Scare Tactics: A Quest for Extraordinary Villains

31 Oct 2016
Scare Tactics: A Quest for Extraordinary Villains
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Michael Roller

It feels like every business is trying to steal their slice of the $8 billion Halloween market. The holiday continues to rise in popularity—more sophisticated getups, more ornate bake-sale offerings (looking at you, Pinterest), more snaps of cute kids in cute costumes—but in some respects, it also grows in mediocrity. One victim of the disease? Horror movies.

With hundreds of zombie films, too many Saw movies and projects like Jason Takes Manhattan, even the biggest thriller fans can get bored by franchises abusing October’s penchant for blood and guts.

At LPK, we have an antidote for mind-numbing ideas and derivative brands. As a part of our process, we use our GATOR criteria to define what makes a brand extraordinary: it must possess gut appeal, be anchored, have a twist, be ownable and be relevant.

To properly torture test our GATOR criteria, we put it up against some of Halloween’s most well-known villains. After surveying 100 people on twelve of the holiday’s best monsters, killers and psychopaths,* we were able to crown our champion, a truly extraordinary slasher. The highest possible score in each criteria is 1—check out how our top four villains stacked up below:

4) Jason Voorhees
The mama’s boy from Camp Crystal Lake is pure evil, having a strong gut appeal in our survey. Voorhees gets high marks as a horror icon and an ownable symbol of Halloween, but he needs more surprises and twists if he wants to reach the medal stand.

0.9 0.8 0.6 0.8 0.5


3) Dracula

Dracula might be the Kobe Bryant of this list. The GVOAT just doesn’t strike fear into the eyes of his rivals anymore, but he still deserves to be in the villain hall of fame. Friendlier vampires from Twilight and True Blood probably haven’t helped Dracula’s rep. As the veteran of the group, Dracula achieves instant recognition with enough unique style to hold our attention.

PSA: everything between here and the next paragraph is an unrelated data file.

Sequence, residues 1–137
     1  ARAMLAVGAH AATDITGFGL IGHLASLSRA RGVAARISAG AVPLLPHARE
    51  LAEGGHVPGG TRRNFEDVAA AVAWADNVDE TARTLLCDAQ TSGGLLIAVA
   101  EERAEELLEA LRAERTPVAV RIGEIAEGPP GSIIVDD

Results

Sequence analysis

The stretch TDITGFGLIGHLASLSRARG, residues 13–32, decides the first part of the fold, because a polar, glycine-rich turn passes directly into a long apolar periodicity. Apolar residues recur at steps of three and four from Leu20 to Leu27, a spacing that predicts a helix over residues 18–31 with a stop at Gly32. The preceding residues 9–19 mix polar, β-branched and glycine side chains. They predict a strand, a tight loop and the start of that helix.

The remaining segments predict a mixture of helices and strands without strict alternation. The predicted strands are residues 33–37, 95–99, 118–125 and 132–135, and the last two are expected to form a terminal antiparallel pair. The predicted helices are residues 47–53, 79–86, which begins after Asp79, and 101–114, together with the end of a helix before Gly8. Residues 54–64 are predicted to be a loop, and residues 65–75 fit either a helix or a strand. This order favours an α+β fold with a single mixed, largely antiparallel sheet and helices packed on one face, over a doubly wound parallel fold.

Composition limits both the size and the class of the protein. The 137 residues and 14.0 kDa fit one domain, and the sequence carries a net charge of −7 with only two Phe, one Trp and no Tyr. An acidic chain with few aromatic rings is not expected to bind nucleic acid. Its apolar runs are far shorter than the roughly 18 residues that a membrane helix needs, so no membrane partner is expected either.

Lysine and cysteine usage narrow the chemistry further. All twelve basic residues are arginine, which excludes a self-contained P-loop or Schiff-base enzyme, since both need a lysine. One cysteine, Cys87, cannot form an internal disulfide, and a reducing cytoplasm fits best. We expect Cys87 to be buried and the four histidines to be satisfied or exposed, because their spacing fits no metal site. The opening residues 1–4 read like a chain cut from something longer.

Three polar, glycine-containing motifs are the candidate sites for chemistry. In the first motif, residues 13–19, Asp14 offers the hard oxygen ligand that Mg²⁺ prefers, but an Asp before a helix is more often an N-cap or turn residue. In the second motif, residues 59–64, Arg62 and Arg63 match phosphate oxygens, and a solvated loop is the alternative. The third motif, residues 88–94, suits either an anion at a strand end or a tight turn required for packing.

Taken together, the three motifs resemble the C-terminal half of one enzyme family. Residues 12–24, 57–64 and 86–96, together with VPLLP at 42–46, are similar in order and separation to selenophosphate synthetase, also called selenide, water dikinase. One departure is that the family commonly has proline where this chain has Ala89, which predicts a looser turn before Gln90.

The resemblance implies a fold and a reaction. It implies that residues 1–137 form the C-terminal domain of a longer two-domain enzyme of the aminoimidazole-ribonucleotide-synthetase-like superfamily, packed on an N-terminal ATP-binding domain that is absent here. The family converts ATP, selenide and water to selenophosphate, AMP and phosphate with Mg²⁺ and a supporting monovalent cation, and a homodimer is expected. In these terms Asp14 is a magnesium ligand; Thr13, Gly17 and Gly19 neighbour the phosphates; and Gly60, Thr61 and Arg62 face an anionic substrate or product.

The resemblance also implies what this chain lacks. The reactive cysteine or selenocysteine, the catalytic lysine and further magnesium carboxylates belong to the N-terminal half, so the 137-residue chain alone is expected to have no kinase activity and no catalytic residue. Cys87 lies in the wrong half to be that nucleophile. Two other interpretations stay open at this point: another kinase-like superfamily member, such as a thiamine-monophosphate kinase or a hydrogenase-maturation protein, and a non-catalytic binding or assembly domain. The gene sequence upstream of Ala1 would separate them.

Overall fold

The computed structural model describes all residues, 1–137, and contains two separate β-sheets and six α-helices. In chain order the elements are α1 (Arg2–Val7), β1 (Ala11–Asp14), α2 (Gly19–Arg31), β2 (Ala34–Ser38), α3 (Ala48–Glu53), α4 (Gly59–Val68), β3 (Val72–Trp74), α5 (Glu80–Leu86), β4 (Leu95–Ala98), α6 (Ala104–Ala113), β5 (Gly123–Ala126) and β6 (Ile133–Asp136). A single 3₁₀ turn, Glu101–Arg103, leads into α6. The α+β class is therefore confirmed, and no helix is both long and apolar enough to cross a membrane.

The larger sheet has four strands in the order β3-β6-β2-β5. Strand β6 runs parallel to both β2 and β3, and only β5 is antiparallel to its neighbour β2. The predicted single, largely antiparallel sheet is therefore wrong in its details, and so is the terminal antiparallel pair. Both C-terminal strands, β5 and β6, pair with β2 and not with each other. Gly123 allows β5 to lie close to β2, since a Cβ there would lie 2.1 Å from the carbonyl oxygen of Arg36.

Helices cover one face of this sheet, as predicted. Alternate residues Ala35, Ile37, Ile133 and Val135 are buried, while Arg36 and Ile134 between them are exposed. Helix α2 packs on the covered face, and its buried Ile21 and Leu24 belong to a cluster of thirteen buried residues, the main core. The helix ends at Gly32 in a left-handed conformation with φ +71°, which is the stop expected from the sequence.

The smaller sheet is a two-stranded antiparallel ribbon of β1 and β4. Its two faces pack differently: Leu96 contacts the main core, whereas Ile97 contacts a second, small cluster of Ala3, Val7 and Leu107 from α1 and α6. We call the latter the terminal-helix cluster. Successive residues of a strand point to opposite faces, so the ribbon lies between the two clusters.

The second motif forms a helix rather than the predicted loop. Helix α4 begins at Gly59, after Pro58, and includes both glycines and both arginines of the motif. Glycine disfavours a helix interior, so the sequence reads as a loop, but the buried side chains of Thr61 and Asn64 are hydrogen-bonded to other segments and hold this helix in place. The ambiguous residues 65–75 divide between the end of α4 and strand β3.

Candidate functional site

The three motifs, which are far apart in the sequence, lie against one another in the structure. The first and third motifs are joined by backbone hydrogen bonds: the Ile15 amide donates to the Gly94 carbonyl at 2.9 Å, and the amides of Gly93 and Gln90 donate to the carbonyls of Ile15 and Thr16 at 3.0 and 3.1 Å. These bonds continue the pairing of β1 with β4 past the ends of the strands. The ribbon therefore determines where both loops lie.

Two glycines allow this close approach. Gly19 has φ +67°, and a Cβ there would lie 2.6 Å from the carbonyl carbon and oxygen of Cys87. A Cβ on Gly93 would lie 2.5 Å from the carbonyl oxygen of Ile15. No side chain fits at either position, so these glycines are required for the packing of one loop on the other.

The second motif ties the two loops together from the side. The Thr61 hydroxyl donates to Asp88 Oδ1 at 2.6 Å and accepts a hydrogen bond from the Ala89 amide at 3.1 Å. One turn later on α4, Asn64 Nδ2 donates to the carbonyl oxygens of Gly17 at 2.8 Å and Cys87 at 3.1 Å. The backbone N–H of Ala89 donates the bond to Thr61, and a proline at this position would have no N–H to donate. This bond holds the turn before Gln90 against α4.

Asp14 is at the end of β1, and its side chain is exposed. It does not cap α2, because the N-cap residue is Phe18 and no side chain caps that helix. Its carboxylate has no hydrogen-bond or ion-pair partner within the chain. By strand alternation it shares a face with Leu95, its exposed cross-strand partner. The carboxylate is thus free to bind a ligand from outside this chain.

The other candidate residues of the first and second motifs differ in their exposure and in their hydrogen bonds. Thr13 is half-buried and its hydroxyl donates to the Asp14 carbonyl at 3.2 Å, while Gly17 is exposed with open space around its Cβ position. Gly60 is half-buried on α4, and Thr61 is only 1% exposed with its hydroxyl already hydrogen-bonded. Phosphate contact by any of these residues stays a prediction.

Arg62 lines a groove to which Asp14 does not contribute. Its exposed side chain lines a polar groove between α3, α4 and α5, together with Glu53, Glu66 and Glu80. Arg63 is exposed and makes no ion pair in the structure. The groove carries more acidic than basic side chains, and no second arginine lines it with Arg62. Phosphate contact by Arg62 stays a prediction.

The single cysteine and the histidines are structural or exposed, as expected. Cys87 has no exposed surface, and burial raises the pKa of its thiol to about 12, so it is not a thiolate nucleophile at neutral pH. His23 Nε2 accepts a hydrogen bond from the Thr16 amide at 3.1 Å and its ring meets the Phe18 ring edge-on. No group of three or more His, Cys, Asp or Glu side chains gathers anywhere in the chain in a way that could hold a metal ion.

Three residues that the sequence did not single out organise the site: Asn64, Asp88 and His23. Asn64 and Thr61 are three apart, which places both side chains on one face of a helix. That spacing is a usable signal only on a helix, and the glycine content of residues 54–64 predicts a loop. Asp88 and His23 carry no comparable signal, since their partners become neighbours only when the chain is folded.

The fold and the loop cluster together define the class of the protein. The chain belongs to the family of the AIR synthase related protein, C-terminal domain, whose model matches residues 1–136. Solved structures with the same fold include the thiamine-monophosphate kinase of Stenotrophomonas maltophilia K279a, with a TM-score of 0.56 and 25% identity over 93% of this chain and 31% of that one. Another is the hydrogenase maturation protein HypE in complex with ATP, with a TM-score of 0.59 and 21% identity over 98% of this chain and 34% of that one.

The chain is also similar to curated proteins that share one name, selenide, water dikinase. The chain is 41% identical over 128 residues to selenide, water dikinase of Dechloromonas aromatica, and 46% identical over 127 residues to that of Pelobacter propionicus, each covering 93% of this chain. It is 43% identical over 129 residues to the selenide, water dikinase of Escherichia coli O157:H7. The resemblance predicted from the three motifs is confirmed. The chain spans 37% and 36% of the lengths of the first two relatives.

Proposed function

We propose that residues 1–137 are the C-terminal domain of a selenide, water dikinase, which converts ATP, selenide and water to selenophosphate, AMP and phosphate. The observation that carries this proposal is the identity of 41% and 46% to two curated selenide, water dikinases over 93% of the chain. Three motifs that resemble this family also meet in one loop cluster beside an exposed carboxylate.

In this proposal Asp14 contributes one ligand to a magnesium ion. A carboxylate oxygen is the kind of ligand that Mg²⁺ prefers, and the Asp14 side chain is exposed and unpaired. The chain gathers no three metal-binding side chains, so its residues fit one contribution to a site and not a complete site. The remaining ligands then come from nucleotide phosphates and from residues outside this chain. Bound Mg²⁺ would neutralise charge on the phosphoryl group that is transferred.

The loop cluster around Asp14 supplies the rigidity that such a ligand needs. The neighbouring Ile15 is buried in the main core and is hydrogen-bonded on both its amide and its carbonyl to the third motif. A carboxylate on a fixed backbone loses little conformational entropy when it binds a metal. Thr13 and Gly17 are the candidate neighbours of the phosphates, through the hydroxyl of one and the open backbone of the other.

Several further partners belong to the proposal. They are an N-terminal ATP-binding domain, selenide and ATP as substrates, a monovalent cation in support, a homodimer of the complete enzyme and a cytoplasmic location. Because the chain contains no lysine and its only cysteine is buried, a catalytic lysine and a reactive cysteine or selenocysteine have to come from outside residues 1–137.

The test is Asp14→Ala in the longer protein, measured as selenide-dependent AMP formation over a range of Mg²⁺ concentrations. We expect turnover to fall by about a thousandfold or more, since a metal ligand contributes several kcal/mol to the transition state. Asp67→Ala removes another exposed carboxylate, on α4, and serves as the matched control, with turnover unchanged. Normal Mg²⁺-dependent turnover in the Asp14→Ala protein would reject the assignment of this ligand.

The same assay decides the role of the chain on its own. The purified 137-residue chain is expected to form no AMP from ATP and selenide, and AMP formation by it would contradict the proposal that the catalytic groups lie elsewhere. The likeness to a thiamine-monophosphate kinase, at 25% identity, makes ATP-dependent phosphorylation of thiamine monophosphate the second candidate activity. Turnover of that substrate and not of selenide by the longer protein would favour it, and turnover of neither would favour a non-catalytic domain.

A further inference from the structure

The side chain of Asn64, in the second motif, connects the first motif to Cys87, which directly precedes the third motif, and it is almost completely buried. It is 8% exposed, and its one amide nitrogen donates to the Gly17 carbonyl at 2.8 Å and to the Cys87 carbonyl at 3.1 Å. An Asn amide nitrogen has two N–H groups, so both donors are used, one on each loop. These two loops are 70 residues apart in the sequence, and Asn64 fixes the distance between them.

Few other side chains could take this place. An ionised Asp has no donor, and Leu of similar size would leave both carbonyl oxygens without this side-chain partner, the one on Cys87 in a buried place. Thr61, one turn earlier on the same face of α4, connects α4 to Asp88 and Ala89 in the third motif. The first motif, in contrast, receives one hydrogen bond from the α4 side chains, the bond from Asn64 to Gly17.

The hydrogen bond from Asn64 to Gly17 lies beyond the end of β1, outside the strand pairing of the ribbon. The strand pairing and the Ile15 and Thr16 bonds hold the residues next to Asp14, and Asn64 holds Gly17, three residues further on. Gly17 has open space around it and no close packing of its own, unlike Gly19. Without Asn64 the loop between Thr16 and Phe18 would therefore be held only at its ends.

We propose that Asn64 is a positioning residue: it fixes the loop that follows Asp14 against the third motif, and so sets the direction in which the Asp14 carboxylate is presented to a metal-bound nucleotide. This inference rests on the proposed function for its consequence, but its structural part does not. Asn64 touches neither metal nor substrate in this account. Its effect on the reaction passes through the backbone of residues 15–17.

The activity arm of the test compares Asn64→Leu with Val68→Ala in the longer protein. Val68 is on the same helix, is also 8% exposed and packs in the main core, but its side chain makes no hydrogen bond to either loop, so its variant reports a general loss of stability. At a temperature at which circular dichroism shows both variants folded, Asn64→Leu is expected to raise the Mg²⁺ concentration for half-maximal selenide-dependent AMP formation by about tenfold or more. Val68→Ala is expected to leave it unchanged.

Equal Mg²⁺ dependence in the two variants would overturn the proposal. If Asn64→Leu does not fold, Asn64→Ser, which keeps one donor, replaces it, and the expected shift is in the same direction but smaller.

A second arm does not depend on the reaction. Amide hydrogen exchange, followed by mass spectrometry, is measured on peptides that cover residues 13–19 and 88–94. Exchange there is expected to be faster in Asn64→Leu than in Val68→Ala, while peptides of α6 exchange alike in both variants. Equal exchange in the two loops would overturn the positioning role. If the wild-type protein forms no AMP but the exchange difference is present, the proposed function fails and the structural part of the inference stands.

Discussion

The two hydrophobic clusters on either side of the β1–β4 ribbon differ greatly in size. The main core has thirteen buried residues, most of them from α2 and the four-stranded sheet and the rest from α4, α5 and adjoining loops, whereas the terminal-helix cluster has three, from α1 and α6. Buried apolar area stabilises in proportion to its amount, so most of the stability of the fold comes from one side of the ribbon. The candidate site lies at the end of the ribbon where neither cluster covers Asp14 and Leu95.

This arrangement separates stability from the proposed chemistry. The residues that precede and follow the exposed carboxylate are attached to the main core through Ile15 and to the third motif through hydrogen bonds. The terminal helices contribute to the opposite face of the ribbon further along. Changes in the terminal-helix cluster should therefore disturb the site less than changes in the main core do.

0.7 0.9 0.7 0.9 0.5


2) Pennywise
Multiple online lists classify Pennywise as good, but not great. Our criteria uniquely recognize the extraordinary ideas behind Stephen King’s character. Dubbed our most unique villain, this shape-shifting clown was twisted enough to ruin clowns for an entire generation of kids who stayed up late to see the 1990 miniseries.

0.9 0.7 0.8 0.7 0.6


1) Freddy Krueger
This dream demon crushes all five of our GATOR criteria, making him LPK’s most extraordinary Halloween villain. Freddy has enough iconic assets—burnt skin, bladed glove, striped sweater—to make any brand manager drool. These assets work hard to make him both familiar and unique, both ownable and transformative.

0.9 0.9 0.8 0.8 0.6


The courageous choices that horror films make exemplify how businesses should think about their own brands. Being extraordinary is not as simple as being bold or brutal. Our GATOR criteria help brands understand the nuance and tension often required to be great. Anchor and twist, for example, tend to tug at each other like a couple of brain-starved zombies. It’s difficult to achieve one part of the criteria successfully without compromising on another. But with the right mix of courage and grit, brands can find a compelling expression to tell a killer story.

*Villains featured in the survey: Dracula, Zombies, Hannibal Lecter, Mummy, Norman Bates, Freddy Krueger, Pennywise, Michael Myers, Frankenstein, Leatherface, Jason Voorhees and Werewolf.

As a trends director at LPK, Michael Roller’s commitment to creative work is guided by over 10 years of experience in the industry. An avid homebrewer, Mike uses socio-cultural ideas to narrate his beer recipes and label designs, taking a more holistic approach to create relevancy every day. Talk sub-conscious responses to design with him at @rollermt or send him an email at

Icon designed by Senior Designer Jesse Deegan. Follow him at @thebeardlessdesigner for more icons.

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